a) Staph. Saprophyticus causes UTIs in newly sexually active females.
    B) Staph. Epidermidis is responsible for UTIs associated with indwelling urinary catheters.
  • Enterococcus fecalis
  • Klebsialla
  • Pseudomonas species

Clinical Features of UTIs :

  • Abrupt onset of increased frequency of urination.
  • Dysuria : Painful or uncomfortable urination
  • Urgency : A sudden, almost uncontrollable need to urinate
  • Urine may appear cloudy. May have an unpleasant odor.
  • Hematuria : Blood in the urine
  • Suprapubic pain and tenderness if there cystitis (infection of the urinary bladder).
  • Loin pain and tenderness if there is pyelonephritis (infection in the kidneys and renal pelvis)
  • Systemic symptoms may include fever with chills and rigors

It is important to remember that some patients show no symptoms despite having an UTI. This is known as asymptomatic bacteriuria.

Depending on the location of infection along the urinary tract, UTIs can be divided into Upper UTI and Lower UTI.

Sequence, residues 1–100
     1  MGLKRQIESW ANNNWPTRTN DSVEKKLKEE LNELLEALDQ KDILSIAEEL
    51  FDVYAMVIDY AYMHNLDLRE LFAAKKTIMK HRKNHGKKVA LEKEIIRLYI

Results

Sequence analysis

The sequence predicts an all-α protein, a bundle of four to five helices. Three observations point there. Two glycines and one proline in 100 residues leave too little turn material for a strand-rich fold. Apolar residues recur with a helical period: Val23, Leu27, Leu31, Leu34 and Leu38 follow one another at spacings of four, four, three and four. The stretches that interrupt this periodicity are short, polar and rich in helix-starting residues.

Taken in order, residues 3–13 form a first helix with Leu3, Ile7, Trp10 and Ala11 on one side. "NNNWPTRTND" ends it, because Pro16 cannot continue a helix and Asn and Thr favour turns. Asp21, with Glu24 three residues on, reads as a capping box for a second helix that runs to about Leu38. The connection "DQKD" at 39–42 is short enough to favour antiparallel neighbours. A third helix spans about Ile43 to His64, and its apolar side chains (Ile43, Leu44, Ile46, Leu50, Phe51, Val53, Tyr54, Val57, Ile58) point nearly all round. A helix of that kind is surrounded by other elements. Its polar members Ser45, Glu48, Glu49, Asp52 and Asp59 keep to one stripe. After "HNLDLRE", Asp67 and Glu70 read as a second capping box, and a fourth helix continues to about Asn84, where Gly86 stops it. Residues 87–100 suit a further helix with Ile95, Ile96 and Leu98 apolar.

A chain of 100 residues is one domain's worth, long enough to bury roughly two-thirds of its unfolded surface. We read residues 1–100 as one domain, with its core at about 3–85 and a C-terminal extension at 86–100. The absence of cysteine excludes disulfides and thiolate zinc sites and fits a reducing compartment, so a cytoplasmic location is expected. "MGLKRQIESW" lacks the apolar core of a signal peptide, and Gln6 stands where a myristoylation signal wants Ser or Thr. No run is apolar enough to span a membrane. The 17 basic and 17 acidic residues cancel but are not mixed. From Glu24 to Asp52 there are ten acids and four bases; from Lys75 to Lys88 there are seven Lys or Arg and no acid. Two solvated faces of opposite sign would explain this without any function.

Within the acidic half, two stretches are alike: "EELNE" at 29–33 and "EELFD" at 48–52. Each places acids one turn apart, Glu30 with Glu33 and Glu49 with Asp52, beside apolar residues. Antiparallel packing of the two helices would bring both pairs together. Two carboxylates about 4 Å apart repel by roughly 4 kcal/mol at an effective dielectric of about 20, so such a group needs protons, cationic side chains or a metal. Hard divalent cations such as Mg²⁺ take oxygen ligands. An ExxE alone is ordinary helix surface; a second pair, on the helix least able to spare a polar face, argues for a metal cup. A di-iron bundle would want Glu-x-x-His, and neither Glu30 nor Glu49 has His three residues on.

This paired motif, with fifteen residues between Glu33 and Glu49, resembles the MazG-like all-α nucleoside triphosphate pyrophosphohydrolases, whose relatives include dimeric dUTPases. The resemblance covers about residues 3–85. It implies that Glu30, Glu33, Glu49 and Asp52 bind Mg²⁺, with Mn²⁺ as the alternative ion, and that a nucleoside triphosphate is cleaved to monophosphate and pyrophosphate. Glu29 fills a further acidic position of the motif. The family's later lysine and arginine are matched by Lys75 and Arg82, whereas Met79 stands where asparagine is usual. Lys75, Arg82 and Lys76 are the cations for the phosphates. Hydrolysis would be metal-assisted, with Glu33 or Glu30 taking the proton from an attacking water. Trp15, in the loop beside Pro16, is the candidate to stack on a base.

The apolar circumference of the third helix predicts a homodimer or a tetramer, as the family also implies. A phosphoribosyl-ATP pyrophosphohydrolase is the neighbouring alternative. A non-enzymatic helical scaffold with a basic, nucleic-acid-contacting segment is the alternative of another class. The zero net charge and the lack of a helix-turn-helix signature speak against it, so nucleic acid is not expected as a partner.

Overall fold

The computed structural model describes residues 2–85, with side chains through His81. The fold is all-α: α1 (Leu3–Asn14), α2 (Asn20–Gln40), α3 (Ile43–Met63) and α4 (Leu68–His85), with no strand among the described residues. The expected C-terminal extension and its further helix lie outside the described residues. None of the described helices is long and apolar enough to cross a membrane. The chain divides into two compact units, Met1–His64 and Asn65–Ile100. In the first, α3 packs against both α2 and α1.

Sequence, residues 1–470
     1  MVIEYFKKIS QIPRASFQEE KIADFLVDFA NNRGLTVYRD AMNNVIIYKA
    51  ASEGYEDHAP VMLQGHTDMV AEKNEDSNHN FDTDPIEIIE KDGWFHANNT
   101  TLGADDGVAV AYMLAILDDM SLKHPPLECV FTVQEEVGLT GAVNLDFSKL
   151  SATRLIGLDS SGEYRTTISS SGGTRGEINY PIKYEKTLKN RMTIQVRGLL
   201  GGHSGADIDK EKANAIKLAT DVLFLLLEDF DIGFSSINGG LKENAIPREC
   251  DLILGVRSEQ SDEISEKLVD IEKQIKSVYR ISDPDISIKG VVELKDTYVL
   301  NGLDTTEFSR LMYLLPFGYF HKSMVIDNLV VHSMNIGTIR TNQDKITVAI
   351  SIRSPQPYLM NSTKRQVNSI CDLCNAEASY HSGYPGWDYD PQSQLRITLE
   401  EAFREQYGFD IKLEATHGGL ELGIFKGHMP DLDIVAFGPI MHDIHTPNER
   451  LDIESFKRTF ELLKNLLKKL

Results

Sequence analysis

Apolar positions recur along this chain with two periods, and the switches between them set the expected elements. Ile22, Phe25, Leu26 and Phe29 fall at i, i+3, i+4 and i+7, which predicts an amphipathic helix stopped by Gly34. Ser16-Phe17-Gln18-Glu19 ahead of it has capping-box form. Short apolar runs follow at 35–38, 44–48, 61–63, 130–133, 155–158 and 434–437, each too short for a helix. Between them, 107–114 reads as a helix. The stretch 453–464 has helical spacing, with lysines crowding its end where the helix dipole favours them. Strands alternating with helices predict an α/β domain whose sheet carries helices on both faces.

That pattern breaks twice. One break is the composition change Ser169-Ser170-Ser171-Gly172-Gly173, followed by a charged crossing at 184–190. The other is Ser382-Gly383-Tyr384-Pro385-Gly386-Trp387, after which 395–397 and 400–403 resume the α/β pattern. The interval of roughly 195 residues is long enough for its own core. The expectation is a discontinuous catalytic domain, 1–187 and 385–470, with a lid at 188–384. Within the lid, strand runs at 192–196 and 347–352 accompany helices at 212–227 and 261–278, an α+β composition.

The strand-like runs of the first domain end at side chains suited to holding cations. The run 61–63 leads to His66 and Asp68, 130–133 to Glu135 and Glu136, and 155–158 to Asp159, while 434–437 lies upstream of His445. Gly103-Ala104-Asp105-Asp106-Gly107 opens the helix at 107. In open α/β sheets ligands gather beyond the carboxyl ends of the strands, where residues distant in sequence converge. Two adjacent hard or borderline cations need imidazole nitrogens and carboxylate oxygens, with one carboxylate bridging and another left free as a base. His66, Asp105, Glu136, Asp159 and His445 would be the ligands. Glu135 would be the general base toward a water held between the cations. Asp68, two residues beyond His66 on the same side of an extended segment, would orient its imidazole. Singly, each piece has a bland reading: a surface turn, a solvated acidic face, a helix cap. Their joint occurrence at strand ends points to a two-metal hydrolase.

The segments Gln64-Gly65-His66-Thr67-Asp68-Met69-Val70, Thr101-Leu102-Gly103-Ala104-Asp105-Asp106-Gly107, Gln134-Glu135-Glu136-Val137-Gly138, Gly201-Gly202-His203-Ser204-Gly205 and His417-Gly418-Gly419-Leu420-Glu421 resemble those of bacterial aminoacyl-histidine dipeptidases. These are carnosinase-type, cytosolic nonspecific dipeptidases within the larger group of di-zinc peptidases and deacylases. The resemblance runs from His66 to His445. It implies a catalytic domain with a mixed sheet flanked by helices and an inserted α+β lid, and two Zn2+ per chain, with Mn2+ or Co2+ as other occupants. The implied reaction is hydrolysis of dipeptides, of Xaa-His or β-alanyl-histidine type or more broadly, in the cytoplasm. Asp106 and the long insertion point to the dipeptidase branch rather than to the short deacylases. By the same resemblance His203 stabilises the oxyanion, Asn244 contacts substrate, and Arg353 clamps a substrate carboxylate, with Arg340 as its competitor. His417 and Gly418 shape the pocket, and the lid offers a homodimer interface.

Infections of the kidney and ureters are classified as Upper and anything below the ureters are Lower UTI.

Upper UTI commonly presents with fever with chills and rigors and, loin pain and tenderness. Lower UTIs commonly presents as fever, burning sensation during micturition and suprapubic pain.

Long standing upper UTI may cause renal damage. No such risk with lower UTIs.

For upper UTIs, usually parenteral antibiotics for long duration is necessary. For lower UTIs, usually oral antibiotic for short duration is enough.

Some typical features of lower urinary tract symptoms :

  • Voiding (obstructive) symptoms
    a) Hesitancy (worsened if the bladder is very full)